I dub you the 'BOKEH MONSTER' - FUJINON 56mm F1.2 Review

Its official, I dub the FUJINON 56mm F1.2 king of the hill and knight thy lens as one official BOKEH MONSTER!

FUJI XT1, 56mm, F1.2, 1/1600s, ISO200, Velvia

85mm equivalent (after taking the 1.5 crop factor into account on the APSC sensor sized FUJI X series) is the stock standard focal length when it comes to portrait photography, hence there will be many dusting of their microscopes examining prints and pixel peeping to see if this lens sings our tune.

85mm has always been my favourite, I shot an entire Euro trip with the single Canon 85mm F1.2 in my kit . If this does not illustrate my passion for this field of view I do not know what will. The announcement of the 85mm focal length with a juicy aperture of F1.2 made this one hot tamales and object of desire world wide. I have been itching, tossing and turning for nights awaiting its arrival and finally it has landed on our shores!

Lets consider the price, although it is currently the most expensive prime in the FUJINON lens range, there really is not a lot to complain about when you examine how much glass you get for your coin. Looking at the competition in both the Canon and Nikon camps, a lens of this calibre will easily set you back 2.5x the price of the FUJINON.

FUJI XT1, 56mm, F1.2, 1/2000s, ISO200, Velvia

However, with low cost (relatively speaking) comes the anxiety of performance. Luckily the recent prime lens releases (14mm f2.8, 24mm f1.4) from FUJINON have been singing a tune sweeter than the high notes a alter boy hits during mass. We can only pray for history to repeat itself with the new release of the 56mm!

The design boasts a respectable 62mm lens opening (like the 23mm f1.4) flaunting its gorgeous front elements to the world like a model on the cover of sports illustrated. Granted this is to be expected, the size of the glass elements required to achieve an aperture of F1.2 are directly related and do not make them subtle (they are BIG!).

Everyone who is familiar with large aperture lenses will know there are tradeoffs, nothing comes for free! Typically these lenses when shot at their maximum aperture (sucking in as much light as possible, hence helping make exposures in dim surroundings),

  • Do not have the best centre sharpness (corners of the frame are typically even softer)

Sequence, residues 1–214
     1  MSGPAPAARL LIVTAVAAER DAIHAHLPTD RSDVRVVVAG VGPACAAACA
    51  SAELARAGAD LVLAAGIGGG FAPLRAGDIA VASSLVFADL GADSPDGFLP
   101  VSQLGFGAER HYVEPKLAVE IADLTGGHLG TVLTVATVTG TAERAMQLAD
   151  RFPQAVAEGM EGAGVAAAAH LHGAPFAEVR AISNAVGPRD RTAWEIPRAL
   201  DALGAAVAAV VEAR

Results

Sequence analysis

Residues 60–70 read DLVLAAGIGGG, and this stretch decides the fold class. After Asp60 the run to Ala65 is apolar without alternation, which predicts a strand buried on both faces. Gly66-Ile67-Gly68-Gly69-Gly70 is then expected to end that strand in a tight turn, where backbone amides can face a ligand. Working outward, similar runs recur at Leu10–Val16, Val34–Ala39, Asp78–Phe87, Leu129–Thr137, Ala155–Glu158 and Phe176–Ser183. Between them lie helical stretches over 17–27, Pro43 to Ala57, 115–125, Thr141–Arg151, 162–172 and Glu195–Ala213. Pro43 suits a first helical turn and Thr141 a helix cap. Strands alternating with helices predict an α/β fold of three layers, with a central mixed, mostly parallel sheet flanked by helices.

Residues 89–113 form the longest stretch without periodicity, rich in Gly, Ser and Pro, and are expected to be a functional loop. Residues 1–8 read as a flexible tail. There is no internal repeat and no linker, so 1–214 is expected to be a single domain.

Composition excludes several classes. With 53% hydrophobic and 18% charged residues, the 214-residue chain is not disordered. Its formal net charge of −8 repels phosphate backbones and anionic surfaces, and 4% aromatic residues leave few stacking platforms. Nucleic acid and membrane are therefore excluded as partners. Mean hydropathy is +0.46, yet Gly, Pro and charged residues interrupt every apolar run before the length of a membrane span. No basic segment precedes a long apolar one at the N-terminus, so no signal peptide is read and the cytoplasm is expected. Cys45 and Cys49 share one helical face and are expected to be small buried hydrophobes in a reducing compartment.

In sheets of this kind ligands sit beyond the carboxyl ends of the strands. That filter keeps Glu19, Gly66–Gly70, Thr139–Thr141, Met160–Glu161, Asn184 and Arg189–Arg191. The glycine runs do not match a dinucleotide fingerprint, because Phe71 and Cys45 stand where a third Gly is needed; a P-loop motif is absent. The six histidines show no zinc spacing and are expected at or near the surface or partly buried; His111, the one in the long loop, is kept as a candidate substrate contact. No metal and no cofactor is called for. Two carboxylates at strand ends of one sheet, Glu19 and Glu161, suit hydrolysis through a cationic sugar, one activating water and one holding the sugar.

• Exhibit low contrast throughout the frame
  • Suffer from bad CA (chromatic aberrations)

FUJI XT1, 56mm, F1.2, 1/300s, ISO200, Velvia

Examining one of the street portraits captured with this lens (no corrections in post, straight out of camera .jpeg) of the lovely lady and her batman headphones illustrates perfectly how the wizards at FUJINON have overcome some colossal challenges. Historically the above listed imperfections were very capable of ruining your work if not heavily treated in post (unless that was the look you were aiming for of course).

The 56mm at F1.2 has maintained beautiful blacks and brilliant sharpness throughout the frame at the same time rendering true to life skin tones. These optical challenges are usually tackled during post production with tedious slider manipulations in Photoshop or Lightroom and I have no complaints with the out of camera rendition! 

FUJI XT1, 56mm, F1.2, 1/2200s, ISO200, Velvia

Hand on heart this lens has got me stumped, I do not know how it was achieved technically let alone for the asking price! This lens is truly a worrier worthy of the 'BOKEH MONSTER' crown.

If you examine the image below of the golden coffee pots, the shape and beauty of the bokeh can be accurately observed. Take note, the lighting was very harsh and the scene is well under exposed (black in the image is a shop illuminated with standard fluorescents which fell completely away). Even though the bokeh balls are a little bright in places (around the edges) the colour depth and contrast in focus fall off is astounding.

FUJI XT1, 56mm ,F1.2, 1/150s, ISO200, Velvia

Although a little beefier than the rest of the prime lens range it balances perfectly on the XPRO1 and the XT1. It is definitely not a one trick pony and focuses just as fast as any of the other lenses in the range. Compared to the Canon 50mm/85mm F1.2 lenses this one is more of a jet fighter than a glider.

Large aperture lenses do require a little more care when focusing and setting a custom point is crucial. Luckily the entire X series camera range which will accept this lens have a completely customisable focus system where nothing short of a 100% hit rate can be expected when setup correctly.

85mm pulls your subjects closer, produces subtle subject isolation, frames beautiful head shots and with the rocket fuelled focus motor has far too many uses to be listed. A very very impressive tool which straight out of the box felt right at home. A true professional product and focal length I have severely missed since completely shifting to the X series.

- Sven